Skip to main content

The new P8 accountability measures and MFL

The table below was published by Phillip Collie of It summarises the current state of play for GCSE. It is reproduced with permission.

Performance Eight (P8) is the new value-added accountability measure on which floor standards are to be based. Students and schools will be judged on their performance across eight subjects, each one having a specific weighting. It is not yet clear which subjects will still be offered as GCSEs.

P8 weighting
(total = 8)
Exam time minimum
Included for all students
3.5 hours
English Lit
One of
Speaking, but not as part of grade
3.5 hours
English Lang
2 (if Lit is counted as 1  - below)
3.5 hours
(single award
to be scrapped)
1 each (DA=2)
Three of
Eg DA science + geography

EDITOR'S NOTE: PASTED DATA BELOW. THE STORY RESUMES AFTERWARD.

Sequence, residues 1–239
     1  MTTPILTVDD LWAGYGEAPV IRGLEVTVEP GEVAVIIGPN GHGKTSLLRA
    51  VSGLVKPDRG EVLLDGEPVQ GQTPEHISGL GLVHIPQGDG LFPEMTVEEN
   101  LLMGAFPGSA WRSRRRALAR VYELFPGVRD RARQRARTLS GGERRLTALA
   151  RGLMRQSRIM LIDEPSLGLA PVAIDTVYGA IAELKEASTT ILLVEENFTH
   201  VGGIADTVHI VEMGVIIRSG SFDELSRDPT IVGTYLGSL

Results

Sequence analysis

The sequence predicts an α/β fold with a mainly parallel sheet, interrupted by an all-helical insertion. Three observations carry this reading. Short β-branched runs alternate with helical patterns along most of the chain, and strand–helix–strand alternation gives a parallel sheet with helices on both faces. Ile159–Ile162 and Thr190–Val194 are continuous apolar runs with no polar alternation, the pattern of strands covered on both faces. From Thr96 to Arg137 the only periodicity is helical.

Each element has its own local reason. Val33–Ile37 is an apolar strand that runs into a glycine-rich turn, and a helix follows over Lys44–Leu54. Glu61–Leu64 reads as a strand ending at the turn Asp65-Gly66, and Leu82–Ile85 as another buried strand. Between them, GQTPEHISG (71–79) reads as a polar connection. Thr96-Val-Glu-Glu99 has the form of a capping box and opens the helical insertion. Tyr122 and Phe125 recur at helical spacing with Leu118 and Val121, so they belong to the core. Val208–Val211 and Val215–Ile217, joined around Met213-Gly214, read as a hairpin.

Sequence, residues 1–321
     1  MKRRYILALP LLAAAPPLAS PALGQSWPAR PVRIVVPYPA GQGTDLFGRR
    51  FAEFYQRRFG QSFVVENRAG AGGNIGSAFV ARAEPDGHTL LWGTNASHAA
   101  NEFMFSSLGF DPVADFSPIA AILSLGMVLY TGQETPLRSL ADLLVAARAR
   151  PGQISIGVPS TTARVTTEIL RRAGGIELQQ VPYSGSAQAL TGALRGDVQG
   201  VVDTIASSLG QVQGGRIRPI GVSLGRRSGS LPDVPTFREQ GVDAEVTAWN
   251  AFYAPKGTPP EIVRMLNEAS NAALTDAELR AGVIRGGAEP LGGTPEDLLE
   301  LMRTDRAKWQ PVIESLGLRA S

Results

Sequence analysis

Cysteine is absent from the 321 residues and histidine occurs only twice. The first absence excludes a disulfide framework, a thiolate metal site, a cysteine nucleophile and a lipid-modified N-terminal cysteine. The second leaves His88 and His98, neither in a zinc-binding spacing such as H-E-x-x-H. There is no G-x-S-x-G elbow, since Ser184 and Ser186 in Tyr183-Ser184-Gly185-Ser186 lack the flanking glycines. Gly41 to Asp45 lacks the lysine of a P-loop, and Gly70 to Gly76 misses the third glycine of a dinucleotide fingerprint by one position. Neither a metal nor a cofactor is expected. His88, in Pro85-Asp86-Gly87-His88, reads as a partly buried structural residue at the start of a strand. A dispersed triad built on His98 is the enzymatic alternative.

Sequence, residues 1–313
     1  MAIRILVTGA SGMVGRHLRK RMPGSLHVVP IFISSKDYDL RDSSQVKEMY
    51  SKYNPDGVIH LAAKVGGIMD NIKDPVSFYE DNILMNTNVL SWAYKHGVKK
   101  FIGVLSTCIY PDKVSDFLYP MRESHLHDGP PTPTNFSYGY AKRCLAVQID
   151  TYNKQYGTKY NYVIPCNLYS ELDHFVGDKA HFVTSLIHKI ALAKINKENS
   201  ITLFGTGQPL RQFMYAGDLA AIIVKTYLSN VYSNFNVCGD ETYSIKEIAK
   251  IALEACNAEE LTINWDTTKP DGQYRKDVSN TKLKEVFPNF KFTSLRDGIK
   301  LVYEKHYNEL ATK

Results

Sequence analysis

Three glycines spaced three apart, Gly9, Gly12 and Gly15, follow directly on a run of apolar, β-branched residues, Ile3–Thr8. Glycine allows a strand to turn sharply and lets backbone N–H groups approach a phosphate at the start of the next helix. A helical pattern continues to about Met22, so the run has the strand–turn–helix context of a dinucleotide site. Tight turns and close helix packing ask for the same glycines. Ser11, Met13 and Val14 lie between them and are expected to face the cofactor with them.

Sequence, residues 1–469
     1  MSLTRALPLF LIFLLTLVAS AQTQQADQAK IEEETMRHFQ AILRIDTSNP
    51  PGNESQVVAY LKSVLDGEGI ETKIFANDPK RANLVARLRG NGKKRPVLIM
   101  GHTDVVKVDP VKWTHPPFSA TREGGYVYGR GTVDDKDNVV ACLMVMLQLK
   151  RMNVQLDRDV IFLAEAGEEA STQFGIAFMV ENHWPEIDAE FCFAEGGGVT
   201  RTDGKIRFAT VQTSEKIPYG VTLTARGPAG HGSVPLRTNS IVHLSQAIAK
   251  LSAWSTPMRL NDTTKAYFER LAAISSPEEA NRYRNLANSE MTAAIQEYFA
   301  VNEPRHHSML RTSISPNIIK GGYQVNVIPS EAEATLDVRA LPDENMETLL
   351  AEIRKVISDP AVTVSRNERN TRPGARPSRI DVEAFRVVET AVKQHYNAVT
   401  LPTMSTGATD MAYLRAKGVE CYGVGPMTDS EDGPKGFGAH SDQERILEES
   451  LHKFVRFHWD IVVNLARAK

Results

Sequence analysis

French, Spanish and history
3 hours
6 hours (DA)
Computer Science
3.5 hours
3.5 hours
3.5 hours
1 each
3.5 hours
Other subjects (inc Eng Lit)
Three of
RE: 5%
3.5 hours

For us as linguists, a few points come to mind.

At present it is still the intention not to have separate tiers as we do at present. There has been talk of extension papers for the most able, but, as far as I understand it, this has not yet been decided. If there is no separate provision for the less and more able student, I believe this would be a mistake. I still cannot see how one could provide an exam paper appropriate for the whole ability range.

In terms of accountability, MFL remains an EBacc subject, but Ebacc has now become a "soft" accountability measure. P8 will become the key measure schools are judged by. This means that schools will take it less seriously, so any recent gains in take-up brought about by the EBacc are likely to be temporary. On the other hand, the fact that a language is to be weighted the same as a science may encourage schools to raise the status of languages. Ofqual have also said that they are looking at taking account of the relative severity of grading of subjects when drawing up the final details of the P8 measure. This could work to the advantage of languages, but I wouldn't hold your breath on that one.